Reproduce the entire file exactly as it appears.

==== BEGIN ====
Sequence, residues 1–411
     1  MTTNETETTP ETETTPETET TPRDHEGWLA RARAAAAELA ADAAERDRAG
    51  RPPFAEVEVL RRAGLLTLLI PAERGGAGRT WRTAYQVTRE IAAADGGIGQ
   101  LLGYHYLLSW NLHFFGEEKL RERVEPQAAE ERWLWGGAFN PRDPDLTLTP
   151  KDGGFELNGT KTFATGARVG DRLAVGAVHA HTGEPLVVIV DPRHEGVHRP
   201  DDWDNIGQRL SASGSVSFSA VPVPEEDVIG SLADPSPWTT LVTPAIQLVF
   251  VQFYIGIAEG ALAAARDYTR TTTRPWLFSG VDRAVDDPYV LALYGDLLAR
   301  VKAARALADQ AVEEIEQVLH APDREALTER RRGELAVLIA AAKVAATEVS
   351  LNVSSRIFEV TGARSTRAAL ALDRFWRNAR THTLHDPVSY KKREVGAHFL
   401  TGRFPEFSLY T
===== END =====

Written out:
Sequence, residues 1–411
     1  MTTNETETTP ETETTPETET TPRDHEGWLA RARAAAAELA ADAAERDRAG
    51  RPPFAEVEVL RRAGLLTLLI PAERGGAGRT WRTAYQVTRE IAAADGGIGQ
   101  LLGYHYLLSW NLHFFGEEKL RERVEPQAAE ERWLWGGAFN PRDPDLTLTP
   151  KDGGFELNGT KTFATGARVG DRLAVGAVHA HTGEPLVVIV DPRHEGVHRP
   201  DDWDNIGQRL SASGSVSFSA VPVPEEDVIG SLADPSPWTT LVTPAIQLVF
   251  VQFYIGIAEG ALAAARDYTR TTTRPWLFSG VDRAVDDPYV LALYGDLLAR
   301  VKAARALADQ AVEEIEQVLH APDREALTER RRGELAVLIA AAKVAATEVS
   351  LNVSSRIFEV TGARSTRAAL ALDRFWRNAR THTLHDPVSY KKREVGAHFL
   401  TGRFPEFSLY T